I felt confident, powerful—alive. Hottie kept hitting the ball in my direction and only once did I miss. “I missed that on purpose,” I said. “Thought I better let you have at least one point.” He pretended to laugh, and I forced myself to look away from the silky ripple of a smile on his cheeks. I had to admit, he was pretty tough competition, but the thrill of opposing his every move sent a rush through my body I hadn’t felt in a long time. Not since… Oh. My. God.

 

I stopped. “Um, thanks guys, but I have to go now.” I waved awkwardly to the group then rushed over to my sisters who’d actually been cheering on the sidelines.

“What’s wrong, Savvy?” asked Talia, her brow furrowed.

“Nothing. But…I saw this.” I gestured toward the volleyball match. “Everything that just happened, I’ve already seen it. Back in the hospital, right before I woke up.” I placed my hands on my denim-clad hips and panted, catching my breath; from the exercise or the realization, I didn’t know which. Silence followed as they were probably trying to process what I’d said.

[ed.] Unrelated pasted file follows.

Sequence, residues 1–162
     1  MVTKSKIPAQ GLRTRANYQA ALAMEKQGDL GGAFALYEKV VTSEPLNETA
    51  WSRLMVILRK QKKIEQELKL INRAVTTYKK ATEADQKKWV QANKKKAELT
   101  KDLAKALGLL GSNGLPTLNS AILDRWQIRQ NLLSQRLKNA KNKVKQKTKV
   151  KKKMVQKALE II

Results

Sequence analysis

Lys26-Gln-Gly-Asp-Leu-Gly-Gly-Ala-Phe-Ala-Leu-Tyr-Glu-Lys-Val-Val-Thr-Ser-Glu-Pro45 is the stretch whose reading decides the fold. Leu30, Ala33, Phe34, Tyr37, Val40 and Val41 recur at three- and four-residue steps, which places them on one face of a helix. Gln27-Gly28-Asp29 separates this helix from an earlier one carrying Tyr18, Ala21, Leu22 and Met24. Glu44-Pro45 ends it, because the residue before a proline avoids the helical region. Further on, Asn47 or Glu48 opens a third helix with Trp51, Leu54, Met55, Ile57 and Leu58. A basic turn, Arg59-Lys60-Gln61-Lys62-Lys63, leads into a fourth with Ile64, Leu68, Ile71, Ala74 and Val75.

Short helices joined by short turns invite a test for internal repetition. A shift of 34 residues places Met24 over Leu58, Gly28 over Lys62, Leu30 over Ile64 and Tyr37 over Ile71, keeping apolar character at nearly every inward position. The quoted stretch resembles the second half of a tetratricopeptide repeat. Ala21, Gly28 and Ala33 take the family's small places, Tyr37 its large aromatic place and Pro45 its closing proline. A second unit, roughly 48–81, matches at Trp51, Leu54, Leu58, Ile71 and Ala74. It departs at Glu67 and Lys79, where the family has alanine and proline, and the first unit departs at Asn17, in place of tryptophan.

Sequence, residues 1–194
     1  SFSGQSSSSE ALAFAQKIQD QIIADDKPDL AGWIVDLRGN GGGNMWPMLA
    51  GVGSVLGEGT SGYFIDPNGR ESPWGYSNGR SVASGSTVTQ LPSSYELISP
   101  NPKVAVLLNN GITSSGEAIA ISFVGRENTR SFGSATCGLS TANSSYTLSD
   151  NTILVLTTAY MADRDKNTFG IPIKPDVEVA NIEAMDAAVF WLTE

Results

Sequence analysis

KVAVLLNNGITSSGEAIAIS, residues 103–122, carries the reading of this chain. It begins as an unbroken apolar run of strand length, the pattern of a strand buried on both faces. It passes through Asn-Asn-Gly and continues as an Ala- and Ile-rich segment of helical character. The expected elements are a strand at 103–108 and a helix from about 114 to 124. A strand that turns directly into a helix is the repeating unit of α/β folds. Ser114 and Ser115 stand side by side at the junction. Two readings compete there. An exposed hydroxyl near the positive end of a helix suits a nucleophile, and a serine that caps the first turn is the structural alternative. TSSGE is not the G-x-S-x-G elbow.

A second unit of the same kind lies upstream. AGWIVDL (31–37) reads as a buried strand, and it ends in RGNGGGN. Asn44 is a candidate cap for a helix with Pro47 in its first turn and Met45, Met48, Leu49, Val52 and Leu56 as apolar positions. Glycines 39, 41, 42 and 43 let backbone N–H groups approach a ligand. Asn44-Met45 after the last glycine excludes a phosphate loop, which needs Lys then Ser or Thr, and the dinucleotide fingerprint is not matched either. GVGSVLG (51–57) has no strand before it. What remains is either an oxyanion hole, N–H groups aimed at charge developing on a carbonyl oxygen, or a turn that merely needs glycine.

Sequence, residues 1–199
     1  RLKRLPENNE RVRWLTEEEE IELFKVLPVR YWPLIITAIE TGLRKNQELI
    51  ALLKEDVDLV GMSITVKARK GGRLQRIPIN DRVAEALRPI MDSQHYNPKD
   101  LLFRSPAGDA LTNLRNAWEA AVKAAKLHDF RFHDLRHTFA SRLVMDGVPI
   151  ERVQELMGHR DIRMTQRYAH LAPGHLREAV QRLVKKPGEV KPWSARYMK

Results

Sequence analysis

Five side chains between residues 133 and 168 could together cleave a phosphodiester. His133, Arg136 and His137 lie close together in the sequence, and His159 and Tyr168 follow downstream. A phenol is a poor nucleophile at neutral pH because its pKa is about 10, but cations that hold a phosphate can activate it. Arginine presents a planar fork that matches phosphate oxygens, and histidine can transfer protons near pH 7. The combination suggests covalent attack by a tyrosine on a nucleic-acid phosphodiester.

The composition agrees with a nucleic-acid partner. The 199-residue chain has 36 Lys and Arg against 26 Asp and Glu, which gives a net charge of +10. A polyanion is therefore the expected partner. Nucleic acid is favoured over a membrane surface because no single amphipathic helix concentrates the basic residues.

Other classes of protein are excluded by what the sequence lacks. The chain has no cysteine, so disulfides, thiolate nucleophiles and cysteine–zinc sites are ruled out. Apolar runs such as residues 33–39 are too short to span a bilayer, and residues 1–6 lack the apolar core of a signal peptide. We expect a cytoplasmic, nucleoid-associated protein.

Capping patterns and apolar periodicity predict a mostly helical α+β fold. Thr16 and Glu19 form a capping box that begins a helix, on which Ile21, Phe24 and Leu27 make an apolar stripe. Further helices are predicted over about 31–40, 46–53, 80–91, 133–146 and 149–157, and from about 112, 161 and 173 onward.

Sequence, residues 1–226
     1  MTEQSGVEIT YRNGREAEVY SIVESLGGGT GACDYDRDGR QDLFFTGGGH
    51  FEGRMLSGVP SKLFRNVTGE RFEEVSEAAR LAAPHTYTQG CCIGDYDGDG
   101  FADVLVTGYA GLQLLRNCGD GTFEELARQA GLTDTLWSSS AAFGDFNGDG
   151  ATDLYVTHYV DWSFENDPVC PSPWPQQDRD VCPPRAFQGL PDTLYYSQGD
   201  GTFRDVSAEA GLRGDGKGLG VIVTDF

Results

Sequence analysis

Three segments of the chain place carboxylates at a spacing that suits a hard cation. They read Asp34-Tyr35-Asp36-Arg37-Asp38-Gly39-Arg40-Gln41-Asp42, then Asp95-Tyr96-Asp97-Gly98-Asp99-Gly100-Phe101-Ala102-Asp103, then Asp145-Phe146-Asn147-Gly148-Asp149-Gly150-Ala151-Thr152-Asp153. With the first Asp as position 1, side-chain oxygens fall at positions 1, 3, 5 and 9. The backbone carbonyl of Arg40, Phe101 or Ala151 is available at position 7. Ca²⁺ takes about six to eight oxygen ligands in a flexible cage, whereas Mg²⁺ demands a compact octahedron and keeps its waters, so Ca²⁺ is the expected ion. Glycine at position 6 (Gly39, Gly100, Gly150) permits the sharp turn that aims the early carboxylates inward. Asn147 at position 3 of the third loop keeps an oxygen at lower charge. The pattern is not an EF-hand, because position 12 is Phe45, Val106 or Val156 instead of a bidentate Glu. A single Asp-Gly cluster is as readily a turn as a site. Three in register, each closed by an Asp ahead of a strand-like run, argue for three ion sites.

Talia stepped closer to me, her height making me tilt my head up slightly. She nibbled on her bottom lip as though she was trying to work out a nice way of saying, “You’re crazy, little sis.” But she didn’t. Quite the opposite, actually. “So did I. Only, I didn’t see it, I felt it. The sand giving way under my feet, the warmth of the sun on my skin, the ice cream cones in my hands. Right before you woke up,” she confessed.

My gaze locked on her intense blue eyes. I glanced at my other sisters who shifted awkwardly on the spot. At least if they thought I was crazy, my eldest sister would share the load with me. She’d felt this moment. I’d seen it. That was a fact, crazy or not.

Serena cleared her throat and scratched her cheek. “Me too,” she whispered, stepping closer in alliance. “Moments before you woke, I heard you giggle, just like you did back there.” She pointed to the ice cream van and squinted at the sun, crinkling her freckled nose. “I thought it was just a vivid memory at the time. I also heard the pop of the volleyball against everyone’s hands, only I didn’t realize what it was until now.”

My heart rate kicked up a notch. And as though encouraged by our revelations, Sasha and Tamara looked at each other curiously and nodded.

“I could taste the ice cream,” said Tamara, tucking a curly tendril of hair behind her ear, her round cheeks rosy under the heat of the sun.